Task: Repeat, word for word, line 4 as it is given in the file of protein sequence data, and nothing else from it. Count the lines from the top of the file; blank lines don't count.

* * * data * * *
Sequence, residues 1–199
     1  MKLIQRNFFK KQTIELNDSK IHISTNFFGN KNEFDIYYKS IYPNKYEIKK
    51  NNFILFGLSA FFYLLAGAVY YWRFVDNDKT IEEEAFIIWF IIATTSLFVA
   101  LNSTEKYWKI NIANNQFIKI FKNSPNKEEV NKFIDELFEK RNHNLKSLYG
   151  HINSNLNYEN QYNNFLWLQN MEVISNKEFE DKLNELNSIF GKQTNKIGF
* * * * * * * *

   101  LNSTEKYWKI NIANNQFIKI FKNSPNKEEV NKFIDELFEK RNHNLKSLYG